Should Blaney win in the first round or at any point in the final 10 races of the season, it would give the Wood Brothers 100 total Cup wins. When Blaney won in June, a picture of him was added to a wall of portraits at the team’s museum in Stuart, Virginia, for every driver that’s visited victory lane for the organization.

“Ryan came to our museum early on in 2014 or 2015 and we talked about having a spot on the wall for his picture,” Len Wood said. “I think he made that his mission to be one of the winners that had driven the 21 car. He values the history. There aren’t many people right now who do that like he does. He wears the old hats and old T-shirts, things like that, and, of course, we’d like to get number 100 next week at Chicago. Nothing would be better than that.”

Long: A celebration worth savoring for Ryan Blaney, Wood Brothers

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Ryan Blaney wasn’t supposed to be here.

Neither were the Wood Brothers.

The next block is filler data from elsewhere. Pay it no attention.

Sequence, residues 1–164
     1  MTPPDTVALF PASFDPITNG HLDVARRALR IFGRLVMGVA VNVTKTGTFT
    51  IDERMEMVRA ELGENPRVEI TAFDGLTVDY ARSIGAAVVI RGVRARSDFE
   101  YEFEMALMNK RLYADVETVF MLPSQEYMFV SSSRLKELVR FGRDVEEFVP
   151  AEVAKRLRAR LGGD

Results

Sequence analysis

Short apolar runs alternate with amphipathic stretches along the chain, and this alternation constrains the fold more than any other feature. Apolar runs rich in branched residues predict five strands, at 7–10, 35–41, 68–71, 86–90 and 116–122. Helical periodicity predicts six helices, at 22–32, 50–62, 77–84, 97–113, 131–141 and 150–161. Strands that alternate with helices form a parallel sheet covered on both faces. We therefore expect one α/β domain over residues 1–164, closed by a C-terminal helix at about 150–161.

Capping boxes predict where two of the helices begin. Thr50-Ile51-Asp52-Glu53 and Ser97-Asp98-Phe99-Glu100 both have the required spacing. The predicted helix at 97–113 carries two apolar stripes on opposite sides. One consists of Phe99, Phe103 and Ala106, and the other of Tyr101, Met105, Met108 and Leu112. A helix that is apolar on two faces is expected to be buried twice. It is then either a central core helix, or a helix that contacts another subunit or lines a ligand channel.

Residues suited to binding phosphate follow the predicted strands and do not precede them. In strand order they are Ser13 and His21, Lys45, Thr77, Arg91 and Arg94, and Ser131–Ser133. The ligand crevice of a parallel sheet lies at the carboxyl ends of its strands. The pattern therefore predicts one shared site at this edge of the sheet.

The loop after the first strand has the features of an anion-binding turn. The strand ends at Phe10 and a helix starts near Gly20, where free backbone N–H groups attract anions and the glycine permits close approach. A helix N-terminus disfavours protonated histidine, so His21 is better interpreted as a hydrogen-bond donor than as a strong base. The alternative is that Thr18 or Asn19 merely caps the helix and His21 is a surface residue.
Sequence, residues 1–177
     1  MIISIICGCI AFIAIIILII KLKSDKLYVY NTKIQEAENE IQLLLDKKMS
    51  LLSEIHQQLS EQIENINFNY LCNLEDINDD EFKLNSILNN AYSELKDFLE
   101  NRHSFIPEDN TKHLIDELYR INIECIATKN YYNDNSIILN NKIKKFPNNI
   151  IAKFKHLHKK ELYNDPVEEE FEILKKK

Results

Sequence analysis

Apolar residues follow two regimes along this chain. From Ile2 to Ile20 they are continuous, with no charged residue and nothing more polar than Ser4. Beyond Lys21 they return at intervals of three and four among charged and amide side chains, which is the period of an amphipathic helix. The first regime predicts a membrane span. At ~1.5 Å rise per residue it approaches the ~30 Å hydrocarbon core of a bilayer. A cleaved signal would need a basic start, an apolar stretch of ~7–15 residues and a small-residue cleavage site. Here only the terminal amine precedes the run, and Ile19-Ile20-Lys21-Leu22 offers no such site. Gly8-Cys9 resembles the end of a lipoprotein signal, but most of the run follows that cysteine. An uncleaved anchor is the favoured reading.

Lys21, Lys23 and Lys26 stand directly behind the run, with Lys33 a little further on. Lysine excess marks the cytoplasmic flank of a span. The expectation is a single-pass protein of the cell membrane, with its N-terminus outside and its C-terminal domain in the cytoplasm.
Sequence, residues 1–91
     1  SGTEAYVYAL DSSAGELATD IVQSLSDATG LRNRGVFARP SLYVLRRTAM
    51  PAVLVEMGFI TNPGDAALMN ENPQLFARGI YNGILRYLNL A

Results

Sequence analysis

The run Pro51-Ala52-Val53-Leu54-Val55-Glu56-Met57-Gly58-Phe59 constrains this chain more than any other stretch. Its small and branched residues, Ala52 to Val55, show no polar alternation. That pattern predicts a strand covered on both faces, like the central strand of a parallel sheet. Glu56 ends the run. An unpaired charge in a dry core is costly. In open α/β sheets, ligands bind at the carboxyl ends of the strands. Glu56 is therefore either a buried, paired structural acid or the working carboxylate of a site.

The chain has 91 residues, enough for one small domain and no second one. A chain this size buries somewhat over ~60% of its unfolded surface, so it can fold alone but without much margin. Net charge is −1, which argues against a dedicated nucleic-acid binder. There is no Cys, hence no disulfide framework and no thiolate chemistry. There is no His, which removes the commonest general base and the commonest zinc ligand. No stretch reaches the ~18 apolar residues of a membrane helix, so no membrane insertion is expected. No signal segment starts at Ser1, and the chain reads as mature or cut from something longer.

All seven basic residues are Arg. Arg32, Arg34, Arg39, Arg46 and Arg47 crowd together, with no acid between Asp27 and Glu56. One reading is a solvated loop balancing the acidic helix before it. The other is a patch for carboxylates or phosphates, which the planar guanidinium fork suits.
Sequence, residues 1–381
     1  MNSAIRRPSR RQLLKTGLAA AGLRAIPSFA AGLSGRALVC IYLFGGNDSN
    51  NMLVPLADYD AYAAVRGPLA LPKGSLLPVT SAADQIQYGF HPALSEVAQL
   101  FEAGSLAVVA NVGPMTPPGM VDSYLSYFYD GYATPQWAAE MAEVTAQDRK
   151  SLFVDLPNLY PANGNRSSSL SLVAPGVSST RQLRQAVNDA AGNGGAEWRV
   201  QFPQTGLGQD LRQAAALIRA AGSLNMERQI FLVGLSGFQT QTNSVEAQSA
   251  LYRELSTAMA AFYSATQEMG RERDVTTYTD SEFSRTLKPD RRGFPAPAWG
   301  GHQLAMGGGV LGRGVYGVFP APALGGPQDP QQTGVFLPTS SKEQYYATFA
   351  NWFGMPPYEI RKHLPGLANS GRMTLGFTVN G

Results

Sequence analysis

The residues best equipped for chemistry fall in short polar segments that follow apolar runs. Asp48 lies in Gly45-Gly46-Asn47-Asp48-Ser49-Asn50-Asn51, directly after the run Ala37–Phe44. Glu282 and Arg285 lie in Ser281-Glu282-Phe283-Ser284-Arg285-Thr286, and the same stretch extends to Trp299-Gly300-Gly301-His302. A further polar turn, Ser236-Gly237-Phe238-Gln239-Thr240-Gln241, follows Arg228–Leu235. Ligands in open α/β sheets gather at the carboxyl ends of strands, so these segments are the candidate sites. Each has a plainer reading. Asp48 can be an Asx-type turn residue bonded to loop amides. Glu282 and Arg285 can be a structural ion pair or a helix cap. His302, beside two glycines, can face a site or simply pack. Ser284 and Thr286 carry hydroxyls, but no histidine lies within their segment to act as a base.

Yet, there they were celebrating Sunday at Pocono Raceway after a momentous win for a storied organization and a storied family.

The Wood Brothers trace their history to NASCAR’s early days when the only Petty racing was Lee (Richard’s dad) and the fastest siblings were the Flocks. The Woods later dominated with David Pearson driving the No. 21 Ford.

“Our dad and uncles back in the ’60s and ’70s, they were almost unbeatable and built those wins up,’’ co-owner Len Wood said.

The Woods’ success faded. There were special moments, such as Dale Jarrett’s first Cup win in 1991, Morgan Shepherd’s last win in 1993 and Elliott Sadler’s first Cup victory in 2001, but there were struggles between those special days.

The family’s darkest period was from 2008-10. The team failed to qualify for the 2008 Daytona 500, marking the first time since 1962 the “Great American Race” was held without the Woods.